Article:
PITTSFIELD -- The Board of Health has promoted Corrinn Shogry, a sanitarian with the city Health Department, to the senior sanitarian post. Interviews will be scheduled next week in the search for her replacement.
Gina Armstrong, city director of public health, said 13 applications were received for the vacancy and six interviews are scheduled for next week.
In her new position, Shogry is replacing Cory Nicholas, who resigned in December.
The department is now approaching full staff strength once again following 2012 during which Armstrong was hired to replace Merridith A. O’Leary, who stepped down in August to accept a similar position in Northampton, and another sanitarian, Colin Sykes, was hired to fill an opening.
The board will, however, lose a veteran board member, Ann Tierney, registered nurse who has served for eight years and is now in a three-year term that is expiring.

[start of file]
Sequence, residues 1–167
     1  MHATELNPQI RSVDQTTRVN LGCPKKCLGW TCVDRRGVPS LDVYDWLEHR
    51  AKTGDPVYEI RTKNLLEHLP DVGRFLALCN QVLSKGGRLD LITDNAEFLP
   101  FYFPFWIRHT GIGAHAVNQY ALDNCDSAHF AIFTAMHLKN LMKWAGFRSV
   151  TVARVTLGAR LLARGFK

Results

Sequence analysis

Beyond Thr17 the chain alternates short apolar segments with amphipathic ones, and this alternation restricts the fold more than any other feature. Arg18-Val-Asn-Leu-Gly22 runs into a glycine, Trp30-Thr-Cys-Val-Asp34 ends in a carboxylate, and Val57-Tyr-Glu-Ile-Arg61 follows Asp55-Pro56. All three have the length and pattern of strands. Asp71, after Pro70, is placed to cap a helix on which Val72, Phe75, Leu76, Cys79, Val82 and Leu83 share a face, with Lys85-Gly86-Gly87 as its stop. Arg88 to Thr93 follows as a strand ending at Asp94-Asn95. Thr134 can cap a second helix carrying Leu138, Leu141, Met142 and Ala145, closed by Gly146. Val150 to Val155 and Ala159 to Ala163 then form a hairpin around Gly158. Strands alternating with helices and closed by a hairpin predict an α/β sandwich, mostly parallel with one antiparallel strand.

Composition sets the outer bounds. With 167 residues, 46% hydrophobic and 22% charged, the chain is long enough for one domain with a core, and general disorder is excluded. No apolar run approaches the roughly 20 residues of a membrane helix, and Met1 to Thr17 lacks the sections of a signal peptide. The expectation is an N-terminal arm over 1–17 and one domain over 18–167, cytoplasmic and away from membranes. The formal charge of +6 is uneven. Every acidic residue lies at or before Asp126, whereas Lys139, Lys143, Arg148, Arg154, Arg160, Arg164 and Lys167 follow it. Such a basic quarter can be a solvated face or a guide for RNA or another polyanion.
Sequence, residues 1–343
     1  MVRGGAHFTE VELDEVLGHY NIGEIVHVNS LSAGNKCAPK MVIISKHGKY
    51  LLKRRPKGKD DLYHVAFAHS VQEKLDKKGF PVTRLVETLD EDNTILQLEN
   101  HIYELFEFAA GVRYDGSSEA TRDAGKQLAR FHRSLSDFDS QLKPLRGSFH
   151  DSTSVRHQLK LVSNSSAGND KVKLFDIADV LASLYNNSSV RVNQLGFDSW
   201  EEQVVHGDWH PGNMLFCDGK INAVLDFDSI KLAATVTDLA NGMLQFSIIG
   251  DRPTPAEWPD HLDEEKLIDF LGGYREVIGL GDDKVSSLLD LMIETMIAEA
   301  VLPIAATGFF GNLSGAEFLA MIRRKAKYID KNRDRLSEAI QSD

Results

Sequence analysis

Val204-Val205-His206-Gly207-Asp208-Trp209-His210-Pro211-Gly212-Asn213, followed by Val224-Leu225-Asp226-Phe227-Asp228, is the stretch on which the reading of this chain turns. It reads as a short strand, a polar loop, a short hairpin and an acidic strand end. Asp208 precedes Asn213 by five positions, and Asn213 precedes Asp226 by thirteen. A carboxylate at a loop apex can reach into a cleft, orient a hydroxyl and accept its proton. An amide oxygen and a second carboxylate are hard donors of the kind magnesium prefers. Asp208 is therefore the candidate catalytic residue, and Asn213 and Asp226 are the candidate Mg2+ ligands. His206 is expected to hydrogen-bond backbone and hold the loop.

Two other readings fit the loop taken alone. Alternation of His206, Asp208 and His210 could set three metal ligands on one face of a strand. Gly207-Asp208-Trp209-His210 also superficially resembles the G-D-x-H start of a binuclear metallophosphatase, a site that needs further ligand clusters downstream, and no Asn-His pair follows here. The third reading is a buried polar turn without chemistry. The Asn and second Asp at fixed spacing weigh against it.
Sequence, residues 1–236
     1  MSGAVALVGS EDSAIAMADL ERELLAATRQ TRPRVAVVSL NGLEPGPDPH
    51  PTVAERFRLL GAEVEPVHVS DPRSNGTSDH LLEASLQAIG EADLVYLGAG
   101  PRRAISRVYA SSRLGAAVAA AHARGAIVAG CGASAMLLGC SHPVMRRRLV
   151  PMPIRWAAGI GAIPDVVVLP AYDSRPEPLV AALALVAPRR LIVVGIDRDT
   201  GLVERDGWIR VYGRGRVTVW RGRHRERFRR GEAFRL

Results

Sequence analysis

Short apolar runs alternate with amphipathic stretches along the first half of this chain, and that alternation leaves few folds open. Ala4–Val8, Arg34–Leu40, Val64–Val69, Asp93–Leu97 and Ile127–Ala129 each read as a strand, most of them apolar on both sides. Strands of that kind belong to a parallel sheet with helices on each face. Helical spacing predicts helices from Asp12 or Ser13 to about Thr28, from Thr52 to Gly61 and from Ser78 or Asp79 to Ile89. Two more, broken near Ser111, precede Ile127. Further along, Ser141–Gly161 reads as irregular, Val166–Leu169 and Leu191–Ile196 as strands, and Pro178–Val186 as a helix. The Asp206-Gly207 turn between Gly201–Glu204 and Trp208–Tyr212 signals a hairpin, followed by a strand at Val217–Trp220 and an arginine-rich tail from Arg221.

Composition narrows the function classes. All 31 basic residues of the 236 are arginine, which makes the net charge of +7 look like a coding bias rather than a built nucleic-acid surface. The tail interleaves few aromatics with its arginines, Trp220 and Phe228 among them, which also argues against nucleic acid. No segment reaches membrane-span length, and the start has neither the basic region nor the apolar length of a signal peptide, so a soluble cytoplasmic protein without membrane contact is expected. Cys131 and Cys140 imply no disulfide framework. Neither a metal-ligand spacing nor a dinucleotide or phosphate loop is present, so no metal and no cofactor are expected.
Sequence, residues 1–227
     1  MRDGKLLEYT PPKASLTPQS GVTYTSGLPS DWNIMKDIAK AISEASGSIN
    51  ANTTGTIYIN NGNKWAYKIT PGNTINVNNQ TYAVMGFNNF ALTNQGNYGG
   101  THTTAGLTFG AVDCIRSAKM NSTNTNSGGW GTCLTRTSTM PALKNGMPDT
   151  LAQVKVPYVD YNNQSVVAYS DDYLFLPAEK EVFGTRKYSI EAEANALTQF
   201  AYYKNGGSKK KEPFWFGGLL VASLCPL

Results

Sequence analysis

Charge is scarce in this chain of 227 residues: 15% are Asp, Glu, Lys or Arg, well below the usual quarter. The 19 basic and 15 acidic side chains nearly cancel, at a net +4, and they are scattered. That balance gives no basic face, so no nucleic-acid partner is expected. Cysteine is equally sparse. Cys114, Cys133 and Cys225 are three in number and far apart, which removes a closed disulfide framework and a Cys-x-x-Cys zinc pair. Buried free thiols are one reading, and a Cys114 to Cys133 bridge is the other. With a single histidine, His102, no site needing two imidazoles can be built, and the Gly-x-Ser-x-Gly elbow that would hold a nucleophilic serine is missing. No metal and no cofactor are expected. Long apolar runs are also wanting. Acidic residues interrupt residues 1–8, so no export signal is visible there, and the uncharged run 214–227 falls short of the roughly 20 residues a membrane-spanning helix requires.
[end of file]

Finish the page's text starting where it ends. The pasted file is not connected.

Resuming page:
"It was an honor and a privilege to serve on the board," Tierney said.
"This is a great board," she said, "with a passion" for tackling public health issues.
Tierney was praised by fellow board members for her knowledge and attention to detail and was given a round of applause for her service at the board’s recent meeting.
The board agreed to send to Mayor Daniel L. Bianchi’s office the name of Dominica D’Avella in nomination as Tierney’s replacement on the five-member board. Board nominations are subject to mayoral and City Council review.
Also Wednesday, the board began its review of two fiscal 2014 budget alternatives presented by Armstrong. One shows a level-funded budget for the current year -- which was set at $530,660 -- and an alternative reflects a 5 percent reduction, as requested by Bianchi from city departments.
Armstrong said a public education program to warn of the dangers of mosquito-borne illnesses and advising how residents can eliminate mosquito breeding areas -- such as in standing water or old tires -- will begin in March.
The educational campaign, she said, will include local cable TV and radio and newspapers, as well as information provided through the schools to parents.
Testing last summer and fall discovered West Nile Virus and eastern equine encephalitis in mosquitos DNA in Pittsfield and other sites in Berkshire County, and officials are planning and early education, detection and treatment efforts.
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